We will not comment at length in this blog as this is headline news and more to do with politics than economics.
However, the political wrangling was impressive and the pincer movement by India and the EU that isolated the US was an excellent example of orchestrated political maneuvering. I expect the US and George Bush are secretly or not so secretly livid.
The booing of the US delegate will be remembered for many years to come as a pivotal moment in the history of climate change action. Political drama at its best.
So where are we now:
The "Bali roadmap" initiates a two-year process of negotiations designed to agree a new set of emissions targets to replace those in the Kyoto Protocol.
So now we have 2 years of negotiations ahead on how to cut emissions. It all comes back to the stand-off between developing countries who have growth as a priority and the developed nations who want all countries to cut emissions proportionately even though the current climate change crisis was due primarily to Western and not LDC pollution.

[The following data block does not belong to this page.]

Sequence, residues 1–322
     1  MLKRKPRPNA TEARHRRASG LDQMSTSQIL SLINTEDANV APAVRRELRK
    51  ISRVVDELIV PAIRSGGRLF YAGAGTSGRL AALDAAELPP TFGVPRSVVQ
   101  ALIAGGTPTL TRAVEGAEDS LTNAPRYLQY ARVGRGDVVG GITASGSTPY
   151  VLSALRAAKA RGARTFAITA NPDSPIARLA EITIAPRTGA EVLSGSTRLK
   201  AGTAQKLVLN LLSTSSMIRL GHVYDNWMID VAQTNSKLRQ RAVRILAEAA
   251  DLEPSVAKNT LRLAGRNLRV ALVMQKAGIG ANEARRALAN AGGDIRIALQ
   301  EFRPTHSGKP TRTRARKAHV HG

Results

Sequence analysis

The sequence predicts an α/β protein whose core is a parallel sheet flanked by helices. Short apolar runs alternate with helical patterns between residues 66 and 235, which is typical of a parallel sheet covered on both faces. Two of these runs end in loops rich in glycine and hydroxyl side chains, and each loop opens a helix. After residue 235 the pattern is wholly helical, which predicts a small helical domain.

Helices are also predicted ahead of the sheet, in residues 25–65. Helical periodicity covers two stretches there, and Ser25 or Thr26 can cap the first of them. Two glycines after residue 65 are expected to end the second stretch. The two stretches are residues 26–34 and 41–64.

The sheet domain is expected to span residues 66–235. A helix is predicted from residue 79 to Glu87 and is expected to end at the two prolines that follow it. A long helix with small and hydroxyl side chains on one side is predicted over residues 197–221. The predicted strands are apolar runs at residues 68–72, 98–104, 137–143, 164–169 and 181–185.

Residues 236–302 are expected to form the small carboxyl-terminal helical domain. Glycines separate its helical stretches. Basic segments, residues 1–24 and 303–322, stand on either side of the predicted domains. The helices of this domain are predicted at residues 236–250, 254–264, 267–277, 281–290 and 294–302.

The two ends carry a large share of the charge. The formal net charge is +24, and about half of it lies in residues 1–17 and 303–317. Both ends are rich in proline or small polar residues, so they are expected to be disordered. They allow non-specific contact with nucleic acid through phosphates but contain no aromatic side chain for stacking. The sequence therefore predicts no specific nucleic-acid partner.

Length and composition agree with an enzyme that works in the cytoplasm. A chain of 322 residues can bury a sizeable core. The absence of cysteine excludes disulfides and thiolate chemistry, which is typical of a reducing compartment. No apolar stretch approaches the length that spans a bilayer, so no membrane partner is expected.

There is no simple solution but one that involves a transfer of green and clean technologies (as requested by India) seems a logical way forward.
Climate deal sealed by US U-turn [BBC]
The final paragraph of the BBC report simply states:
"We need to find a new mechanism that values standing forests," said Andrew Mitchell, executive director of the Global Canopy Programme, an alliance of research institutions.
"Ultimately, if this does its job, [deforestation] goes down to nothing."
Mr Mitchell said the only feasible source of sufficient funds was a global carbon market.
But many economists believe mandatory emissions targets are needed to create a meaningful global market.